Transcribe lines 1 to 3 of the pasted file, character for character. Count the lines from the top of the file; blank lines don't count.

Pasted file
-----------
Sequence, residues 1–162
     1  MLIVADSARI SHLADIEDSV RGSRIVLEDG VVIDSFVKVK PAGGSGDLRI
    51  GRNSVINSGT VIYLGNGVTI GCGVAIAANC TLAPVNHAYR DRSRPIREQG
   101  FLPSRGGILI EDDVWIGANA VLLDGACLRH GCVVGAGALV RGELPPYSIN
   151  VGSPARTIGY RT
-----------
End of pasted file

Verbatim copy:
Sequence, residues 1–162
     1  MLIVADSARI SHLADIEDSV RGSRIVLEDG VVIDSFVKVK PAGGSGDLRI
    51  GRNSVINSGT VIYLGNGVTI GCGVAIAANC TLAPVNHAYR DRSRPIREQG